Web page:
"This is legalized theft" - Russian companies and individuals reportedly hold over $30 billion – about a third of all deposits – in Cypriot banks.
(RIA Novosti) – The Cypriot authorities’ plans to force losses on local account-holders to unlock a much-needed bailout aid from international lenders breach international accords and will be challenged in court, the head of the Association of Russian Businessmen in Cyprus said on Monday.
The finance ministers of the 17-nation euro area agreed early on Monday on a 10-billion euro ($13-billion) deal for Cyprus to rescue the island nation and its outsized banking sector from a financial collapse. The new deal will force the holders of accounts of over 100,000 euros to take losses that may amount to 30-40 percent of their deposits.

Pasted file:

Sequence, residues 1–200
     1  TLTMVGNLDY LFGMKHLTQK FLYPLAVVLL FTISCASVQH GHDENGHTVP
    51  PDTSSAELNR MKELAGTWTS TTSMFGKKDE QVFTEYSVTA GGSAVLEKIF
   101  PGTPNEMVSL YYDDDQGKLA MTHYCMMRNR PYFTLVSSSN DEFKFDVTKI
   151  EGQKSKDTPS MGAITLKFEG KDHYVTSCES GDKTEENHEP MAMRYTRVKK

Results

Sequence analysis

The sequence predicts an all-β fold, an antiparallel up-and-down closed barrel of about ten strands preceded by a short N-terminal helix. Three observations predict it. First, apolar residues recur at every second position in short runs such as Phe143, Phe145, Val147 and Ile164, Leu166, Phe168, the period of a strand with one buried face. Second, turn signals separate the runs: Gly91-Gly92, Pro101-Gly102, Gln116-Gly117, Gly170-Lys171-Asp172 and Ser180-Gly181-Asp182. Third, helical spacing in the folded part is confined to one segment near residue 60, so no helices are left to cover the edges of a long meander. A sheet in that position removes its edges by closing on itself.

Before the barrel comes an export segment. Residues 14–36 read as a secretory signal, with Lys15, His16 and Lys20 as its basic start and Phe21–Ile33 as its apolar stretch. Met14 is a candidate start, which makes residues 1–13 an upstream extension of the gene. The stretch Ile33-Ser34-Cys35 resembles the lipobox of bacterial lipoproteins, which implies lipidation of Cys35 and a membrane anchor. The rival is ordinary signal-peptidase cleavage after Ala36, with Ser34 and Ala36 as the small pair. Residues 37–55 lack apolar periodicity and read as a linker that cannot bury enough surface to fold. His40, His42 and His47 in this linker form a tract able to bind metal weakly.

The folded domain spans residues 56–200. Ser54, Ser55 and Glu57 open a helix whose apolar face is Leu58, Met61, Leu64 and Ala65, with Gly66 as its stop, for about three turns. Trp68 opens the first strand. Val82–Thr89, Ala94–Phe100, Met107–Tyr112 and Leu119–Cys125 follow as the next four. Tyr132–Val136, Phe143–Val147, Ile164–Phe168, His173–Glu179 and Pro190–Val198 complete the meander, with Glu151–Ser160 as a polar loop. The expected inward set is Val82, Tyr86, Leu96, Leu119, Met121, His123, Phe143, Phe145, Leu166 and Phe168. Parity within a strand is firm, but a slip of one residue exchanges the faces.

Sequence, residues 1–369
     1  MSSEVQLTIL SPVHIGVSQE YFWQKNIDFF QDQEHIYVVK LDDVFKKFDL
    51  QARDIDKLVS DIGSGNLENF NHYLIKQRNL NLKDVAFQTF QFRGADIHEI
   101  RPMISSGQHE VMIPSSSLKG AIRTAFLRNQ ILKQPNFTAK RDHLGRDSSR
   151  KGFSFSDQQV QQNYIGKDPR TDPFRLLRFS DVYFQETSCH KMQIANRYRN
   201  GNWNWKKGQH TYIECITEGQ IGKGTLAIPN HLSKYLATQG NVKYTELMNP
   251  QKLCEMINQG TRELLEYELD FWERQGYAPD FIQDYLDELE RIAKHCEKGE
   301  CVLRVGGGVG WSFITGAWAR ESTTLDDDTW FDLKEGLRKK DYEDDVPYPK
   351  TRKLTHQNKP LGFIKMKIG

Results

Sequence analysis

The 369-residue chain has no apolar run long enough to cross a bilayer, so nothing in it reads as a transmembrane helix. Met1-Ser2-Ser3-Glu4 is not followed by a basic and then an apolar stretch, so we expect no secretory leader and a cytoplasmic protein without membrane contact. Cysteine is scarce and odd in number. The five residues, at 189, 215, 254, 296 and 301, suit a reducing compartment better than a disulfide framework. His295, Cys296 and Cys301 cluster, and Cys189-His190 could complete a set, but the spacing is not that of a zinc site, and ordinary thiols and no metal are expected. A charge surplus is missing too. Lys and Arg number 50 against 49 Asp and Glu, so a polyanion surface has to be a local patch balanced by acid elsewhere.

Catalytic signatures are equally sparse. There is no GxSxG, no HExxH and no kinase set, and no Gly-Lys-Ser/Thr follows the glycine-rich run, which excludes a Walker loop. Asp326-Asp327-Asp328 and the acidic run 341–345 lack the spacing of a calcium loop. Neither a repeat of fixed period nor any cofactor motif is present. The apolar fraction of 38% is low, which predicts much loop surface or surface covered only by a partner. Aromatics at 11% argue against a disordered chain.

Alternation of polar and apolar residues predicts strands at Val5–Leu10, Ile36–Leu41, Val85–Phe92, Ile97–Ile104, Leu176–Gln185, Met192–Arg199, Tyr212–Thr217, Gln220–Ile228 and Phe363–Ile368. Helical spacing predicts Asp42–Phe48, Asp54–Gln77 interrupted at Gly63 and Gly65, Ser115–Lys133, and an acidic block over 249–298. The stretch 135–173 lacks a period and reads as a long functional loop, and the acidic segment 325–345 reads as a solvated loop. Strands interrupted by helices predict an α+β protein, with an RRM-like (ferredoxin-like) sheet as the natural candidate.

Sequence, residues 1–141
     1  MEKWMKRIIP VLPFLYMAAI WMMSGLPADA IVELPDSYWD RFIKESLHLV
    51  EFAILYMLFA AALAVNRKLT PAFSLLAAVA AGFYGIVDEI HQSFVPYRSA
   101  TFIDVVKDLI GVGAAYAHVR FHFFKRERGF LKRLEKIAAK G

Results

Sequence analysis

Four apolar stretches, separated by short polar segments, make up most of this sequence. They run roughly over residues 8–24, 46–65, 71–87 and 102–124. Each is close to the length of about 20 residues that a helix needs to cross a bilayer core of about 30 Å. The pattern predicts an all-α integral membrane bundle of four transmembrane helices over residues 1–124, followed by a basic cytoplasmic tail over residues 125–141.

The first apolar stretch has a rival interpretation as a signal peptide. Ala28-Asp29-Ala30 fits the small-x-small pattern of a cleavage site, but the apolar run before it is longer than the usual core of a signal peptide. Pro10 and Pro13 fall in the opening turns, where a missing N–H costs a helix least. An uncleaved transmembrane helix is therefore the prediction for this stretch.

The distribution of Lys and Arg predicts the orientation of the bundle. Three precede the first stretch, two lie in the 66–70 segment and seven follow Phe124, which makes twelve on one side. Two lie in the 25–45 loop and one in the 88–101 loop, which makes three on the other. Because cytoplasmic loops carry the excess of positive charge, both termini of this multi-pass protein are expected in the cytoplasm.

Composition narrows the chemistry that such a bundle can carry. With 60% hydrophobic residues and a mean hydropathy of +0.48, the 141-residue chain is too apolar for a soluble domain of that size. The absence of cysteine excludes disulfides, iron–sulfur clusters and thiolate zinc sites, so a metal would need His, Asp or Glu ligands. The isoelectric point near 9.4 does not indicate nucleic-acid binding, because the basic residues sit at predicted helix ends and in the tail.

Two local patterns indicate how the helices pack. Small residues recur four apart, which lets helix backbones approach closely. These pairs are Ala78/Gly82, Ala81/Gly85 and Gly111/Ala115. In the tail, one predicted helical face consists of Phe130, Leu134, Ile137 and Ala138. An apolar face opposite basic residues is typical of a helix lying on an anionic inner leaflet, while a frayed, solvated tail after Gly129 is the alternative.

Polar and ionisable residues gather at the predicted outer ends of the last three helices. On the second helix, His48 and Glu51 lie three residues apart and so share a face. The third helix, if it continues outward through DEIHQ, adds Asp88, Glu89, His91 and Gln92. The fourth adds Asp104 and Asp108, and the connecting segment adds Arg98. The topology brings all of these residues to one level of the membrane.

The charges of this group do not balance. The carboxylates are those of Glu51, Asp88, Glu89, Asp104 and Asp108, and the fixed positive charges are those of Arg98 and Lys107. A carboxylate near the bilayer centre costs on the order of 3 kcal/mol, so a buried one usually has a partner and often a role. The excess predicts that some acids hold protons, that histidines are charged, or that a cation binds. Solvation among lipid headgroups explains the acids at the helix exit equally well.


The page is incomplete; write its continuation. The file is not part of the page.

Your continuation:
Russian companies and individuals reportedly hold over $30 billion – about a third of all deposits – in Cypriot banks.
“Let me put it this way: This is legalized theft,” Yury Pyanykh, president of the Association of Russian Businessmen in Cyprus, told RIA Novosti.
“This violates a number of fundamental international treaties. And if this action is taken, I can imagine how many lawsuits will be initiated over this case and how many of them will be won,” he said.
A final decision on the size and the nature of forced deposit write-downs has not yet been made, the businessman said, adding that it was unclear whether the deposit haircut would affect only Cypriot banks, or branches of foreign banks on the island as well.
Not all of the details of the new deal have been made public yet. Media reports have said the new plan will spare all deposits of less than 100,000 euros, but force bigger losses on account holders with more than 100,000 euros in the country’s two biggest lenders, the Bank of Cyprus and Popular Bank of Cyprus.
Under the new deal, Popular Bank will be broken up and its deposits of less than 100,000 euros will be moved into the Bank of Cyprus, which will be restructured. Popular Bank’s deposits of over 100,000 euros will be frozen and used to resolve its debts.